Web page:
Leaked minutes reveal culture of corruption and nepotism at Cosco

Leaked minutes reveal culture of corruption and nepotism at Cosco

Cosco, China’s largest maritime conglomerate, has suffered an embarrassing leak, which lays bare the corruption and nepotism that has bedevilled the state-run giant for years.

The minutes of a closed-door meeting were reported by Beijing Daily’s official Wechat account and reproduced by news outlets at the weekend before being deleted.

Xu Aisheng, Cosco’s newly appointed discipline inspection head, was quoted detailing the huge charters Cosco had paid out and other investment errors, and how the company had possibly been involved in illegal activities.

“We are asking all units for accountability,” Xu was reported saying.

A number of the shipbrokers used by Cosco should never have been used given their close relationships to senior Cosco officials, the minutes reveal.

Golfing and unnecessary travel by company bosses, irregular hiring and delayed retirement were some of the other key issues Xu detailed.

The news will send shockwaves to many Cosco officials, both still working or recently retired. Xu is one of China’s top anti-graft investigators, parachuted in from the National Audit Office to clean up operations at Cosco. Among Xu’s previous high profile investigations was one which sent former railways minister Liu Zhijun to prison.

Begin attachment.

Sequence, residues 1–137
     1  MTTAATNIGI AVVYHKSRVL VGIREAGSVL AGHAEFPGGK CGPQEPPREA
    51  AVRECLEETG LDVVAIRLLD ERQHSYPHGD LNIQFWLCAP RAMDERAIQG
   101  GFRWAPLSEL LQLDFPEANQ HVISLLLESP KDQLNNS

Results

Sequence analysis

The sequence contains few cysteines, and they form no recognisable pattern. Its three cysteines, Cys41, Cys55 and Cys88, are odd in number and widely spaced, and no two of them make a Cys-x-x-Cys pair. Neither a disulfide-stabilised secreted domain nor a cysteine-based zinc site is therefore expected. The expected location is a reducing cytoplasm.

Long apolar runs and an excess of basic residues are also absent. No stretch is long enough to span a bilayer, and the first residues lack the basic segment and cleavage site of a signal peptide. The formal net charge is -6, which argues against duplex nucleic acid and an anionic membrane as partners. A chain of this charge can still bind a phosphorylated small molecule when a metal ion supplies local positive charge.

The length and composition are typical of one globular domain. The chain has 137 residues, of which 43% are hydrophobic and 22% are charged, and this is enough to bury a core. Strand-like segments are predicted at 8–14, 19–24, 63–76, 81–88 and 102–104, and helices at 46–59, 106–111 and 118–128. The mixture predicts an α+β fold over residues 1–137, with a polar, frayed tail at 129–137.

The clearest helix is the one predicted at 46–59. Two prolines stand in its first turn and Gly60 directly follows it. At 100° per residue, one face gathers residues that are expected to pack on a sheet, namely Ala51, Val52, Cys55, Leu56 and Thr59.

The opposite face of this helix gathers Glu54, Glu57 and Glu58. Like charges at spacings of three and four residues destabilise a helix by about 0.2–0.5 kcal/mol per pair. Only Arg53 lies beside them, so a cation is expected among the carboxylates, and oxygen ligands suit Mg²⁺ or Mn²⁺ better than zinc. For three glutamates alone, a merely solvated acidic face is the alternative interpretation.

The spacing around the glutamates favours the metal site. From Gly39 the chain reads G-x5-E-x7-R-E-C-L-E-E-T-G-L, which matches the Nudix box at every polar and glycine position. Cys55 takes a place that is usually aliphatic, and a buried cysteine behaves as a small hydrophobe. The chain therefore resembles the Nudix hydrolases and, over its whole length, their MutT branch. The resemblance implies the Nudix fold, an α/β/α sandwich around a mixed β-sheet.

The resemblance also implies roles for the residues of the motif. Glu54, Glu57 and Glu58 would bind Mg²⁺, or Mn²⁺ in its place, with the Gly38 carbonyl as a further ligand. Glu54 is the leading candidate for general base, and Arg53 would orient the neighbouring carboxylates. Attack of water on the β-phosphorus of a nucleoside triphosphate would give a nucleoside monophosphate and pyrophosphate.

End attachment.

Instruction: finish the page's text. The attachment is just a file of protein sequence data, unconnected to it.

“Japanese dry bulk shipping lines are facing the same difficulties, yet they can make money, why can’t you?” Xu said in the leaked minutes.

The minutes also reveal that Cosco and China Shipping top managements met last week to discuss merging the two companies, a massive process, details of which are likely to be revealed in the next month.

Cosco has long been viewed sceptically, especially by investors in Hong Kong. One of the company’s arch-critics, Charles De Trenck, an analyst and Splash columnist, wrote recently on Cosco: “When a company has a group of people who jockey their way to the top and then get handed the purse strings of a behemoth with hidden nooks to hide things, seemingly bottomless pits to continue reorganising, free money from governments, it is easier to pretend to be competent. Until the music really stops.”

Sam Chambers

Starting out with the Informa Group in 2000 in Hong Kong, Sam Chambers became editor of Maritime Asia magazine as well as East Asia Editor for the world’s oldest newspaper, Lloyd’s List. In 2005 he pursued a freelance career and wrote for a variety of titles including taking on the role of Asia Editor at Seatrade magazine and China correspondent for Supply Chain Asia. His work has also appeared in The Economist, The New York Times, The Sunday Times and The International Herald Tribune.

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